When discussing “why you crave sugar the way you do” with East Coast Radio in South Africa, Patrick Holford blames “ignorance” as the main cause of ill health. There are a number of issues here:
- I remain unconvinced that Holford’s work on topics such as nutrition or HIV has helped to improve the knowledge of the general public.
- In his discussion with East Coast Radio, Holford draws extensive conclusions (on issues including causal relationships) from a survey of 60,000 people; I would also have concerns re the design of the survey. This suggests a problematic understanding of research design and interpretation.
- I am unconvinced that ignorance is the main cause of ill health. Issues around poverty, inequality, addiction, disease and access to appropriate treatments all play significant roles. Even if people know for example that smoking is bad for them, this will – sadly – not be sufficient to enable them to stop.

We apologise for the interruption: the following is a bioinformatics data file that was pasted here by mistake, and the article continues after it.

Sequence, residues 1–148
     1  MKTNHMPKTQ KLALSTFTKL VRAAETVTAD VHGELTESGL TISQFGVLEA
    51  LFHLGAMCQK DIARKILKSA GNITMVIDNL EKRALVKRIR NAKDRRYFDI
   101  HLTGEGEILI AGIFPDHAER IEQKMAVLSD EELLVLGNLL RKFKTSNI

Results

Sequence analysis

There are currently serious health problems in South Africa. Rolling out Holford’s ‘100% health’ ideas – as a supposed solution to the dangers of ignorance – would not be an appropriate solution.
Evidence-based social policies to target inequality, poverty and access to healthcare all have important roles to play in South Africa. ‘Alternative’ nutritionism marketed by British media nutritionists would not be a helpful import.